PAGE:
Garamond’s greatest strength is its legibility and readability.

Best Uses
Garamond is an excellent choice for printed materials, including books and reports, due to its high legibility in print.


Gill Sans

Gill Sans is a humanist sans-serif typeface created in 1926 by Eric Gill. It was developed further, into a complete type family, after being commissioned by Stanley Morison to compete with the families of Erbar, Futura, and Kabel. In 1928, Gill Sans was released by Monotype Corporation.

The uppercase characters of Gill Sans are based on Roman capitals like those found in Caslon and Baskerville. There are fourteen styles in the family. Gill Sans is distributed as a system font with Mac OS X and is bundled with some Microsoft products as Gill Sans MT.

Gill Sans has a less mechanical feel to it than typefaces like Futura, because of its basis in Roman tradition. The lowercase letters are modeled on the lowercase Carolignian script, which is especially noticeable in the two-story lowercase “a” and “g”. This basis in traditional, classical typefaces gives Gill Sans a more refined look than many other sans serif typefaces.

Best Uses
Gill Sans is ideal for display uses, and can be used successfully as a text font at larger sizes. It’s best suited for modern designs, though it can be combined successfully with more traditional typefaces for classic designs.



Helvetica is probably the most commonly used typeface in all of graphic design, and almost certainly the most widely used sans serif. It was developed by Max Miedinger in 1957 with Eduard Hoffman, for the Haas Typefoundry. There are dozens of variations and numerous typefaces have been based on it.

Helvetica is often considered a “neutral” typeface, in that it takes on the mood and attitude of its surroundings. Used in a modern setting, it appears modern. And yet it can blend into a classic setting effortlessly, too. It’s largely because of this chameleon-like ability that Helvetica has become so widely used.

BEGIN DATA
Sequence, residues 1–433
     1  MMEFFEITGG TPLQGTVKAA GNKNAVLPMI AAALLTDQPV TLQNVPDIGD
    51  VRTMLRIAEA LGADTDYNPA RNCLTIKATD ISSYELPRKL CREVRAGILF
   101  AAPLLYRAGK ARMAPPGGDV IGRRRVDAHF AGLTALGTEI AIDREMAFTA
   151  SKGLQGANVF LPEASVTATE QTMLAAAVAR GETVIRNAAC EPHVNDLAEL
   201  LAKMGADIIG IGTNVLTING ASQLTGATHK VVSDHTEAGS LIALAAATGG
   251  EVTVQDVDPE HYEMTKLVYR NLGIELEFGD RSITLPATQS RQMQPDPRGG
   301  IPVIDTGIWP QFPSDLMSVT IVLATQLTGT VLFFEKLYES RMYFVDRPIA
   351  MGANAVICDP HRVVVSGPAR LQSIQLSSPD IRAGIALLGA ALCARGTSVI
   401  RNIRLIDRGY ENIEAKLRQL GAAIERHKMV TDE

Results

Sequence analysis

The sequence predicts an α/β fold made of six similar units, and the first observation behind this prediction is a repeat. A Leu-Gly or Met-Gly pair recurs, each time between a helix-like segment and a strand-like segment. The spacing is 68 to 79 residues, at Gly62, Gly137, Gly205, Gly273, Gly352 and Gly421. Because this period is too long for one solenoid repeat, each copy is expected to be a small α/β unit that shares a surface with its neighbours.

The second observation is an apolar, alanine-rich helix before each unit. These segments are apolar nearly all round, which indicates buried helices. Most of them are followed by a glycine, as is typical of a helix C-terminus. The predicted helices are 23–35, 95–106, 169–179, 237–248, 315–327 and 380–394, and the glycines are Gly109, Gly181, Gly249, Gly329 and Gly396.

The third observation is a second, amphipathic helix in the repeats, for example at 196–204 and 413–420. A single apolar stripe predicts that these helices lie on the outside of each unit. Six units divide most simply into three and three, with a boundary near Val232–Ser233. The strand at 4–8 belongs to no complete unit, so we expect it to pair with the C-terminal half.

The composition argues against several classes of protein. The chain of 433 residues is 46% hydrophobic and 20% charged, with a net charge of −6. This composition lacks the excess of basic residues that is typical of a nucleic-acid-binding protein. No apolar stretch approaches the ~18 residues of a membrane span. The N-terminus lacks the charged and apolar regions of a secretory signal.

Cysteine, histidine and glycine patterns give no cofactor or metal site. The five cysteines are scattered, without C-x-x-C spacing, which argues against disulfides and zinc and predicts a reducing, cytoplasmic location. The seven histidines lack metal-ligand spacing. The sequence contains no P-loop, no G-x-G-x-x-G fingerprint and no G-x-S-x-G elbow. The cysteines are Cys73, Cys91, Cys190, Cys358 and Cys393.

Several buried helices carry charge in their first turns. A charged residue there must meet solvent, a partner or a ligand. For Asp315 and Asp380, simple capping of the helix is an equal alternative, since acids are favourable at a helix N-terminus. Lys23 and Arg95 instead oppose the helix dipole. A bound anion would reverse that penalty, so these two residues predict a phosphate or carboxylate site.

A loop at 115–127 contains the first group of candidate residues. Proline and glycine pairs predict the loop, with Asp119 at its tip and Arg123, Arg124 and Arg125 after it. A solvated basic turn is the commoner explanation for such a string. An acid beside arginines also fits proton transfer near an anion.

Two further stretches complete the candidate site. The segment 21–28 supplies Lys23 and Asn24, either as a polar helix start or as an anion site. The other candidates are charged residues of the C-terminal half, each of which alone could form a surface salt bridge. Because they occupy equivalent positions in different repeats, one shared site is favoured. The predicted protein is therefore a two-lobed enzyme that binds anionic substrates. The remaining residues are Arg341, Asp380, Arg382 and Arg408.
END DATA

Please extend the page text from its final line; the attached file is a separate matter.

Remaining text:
As mentioned, Helvetica’s ability to be used in virtually any circumstance is probably its greatest strength. It also has excellent letterforms and kerning.

Best Uses
Helvetica could be argued to be the most versatile typeface out there. It’s literally suitable for virtually any kind of design application, and looks good at both large and small sizes. It’s used in numerous logotypes (including those for American Airlines, American Apparel, 3M, Verizon Wireless, Motorola, Panasonic, Target, Toyota, Microsoft, and many, many others). It’s commonly seen online for both body copy and headlines, and can be seen in use on signs around the world.


Lucida Sans/Lucida Grande

Lucida Sans is a humanist, sans-serif typeface that is part of the larger Lucida type family (which includes serif, blackletter, console, and other variations). It was designed by Chalres Bigelow and Kris Holmes in 1985 as a complement to the Lucida Serif typeface. Technically, Lucida Grande is part of the Lucida Sans type family (which also includes Lucida Sans Typewriter, a monospaced typeface, and Lucida Sans Unicode, which is based on Lucida Sans regular but with additional characters).

Lucida Grande and Lucida Sans are both highly legible, even at small sizes. Because of this, they’re heavily used for body copy and large blocks of small text.

Best Uses
Lucida Grande and Lucida Sans are both commonly seen as the primary typeface for body text on various websites and blogs, Facebook being just one example. It’s most recognizable, though, for its use throughout the user interface of Mac OS X.



Minion is an old style serif typeface, inspired by late Renaissance-era typefaces. It was designed in 1990 by Robert Slimbach for Adobe Systems. One unique feature of Minion is the support of Regular and Display optical sizes, meant to optimize the legibility by using different stroke contrasts and details, in the Regular and Italic versions of the typeface.

The Minion Expert font package includes small caps, ligatures, old style ligatures, and swash glyphs that aren’t included in the regular Minion package. There’s also a Cyrillic version of Minion available.

The different optical sizes available with Minion are one of its greatest strengths, making it considerably more versatile.

Best Uses
Minion is an excellent choice for printed copy, and is used for typesetting books and journals. It has also been used in various logotypes, including MathWorks’ Matlab and Brown University.



Myriad is a humanist sans-serif typeface created specifically for Adobe Systems by Robert Slimbach and Carol Twombly. It’s easily distinguishable from other sans-serif fonts because of its special “y” descender and slanting “e”cut.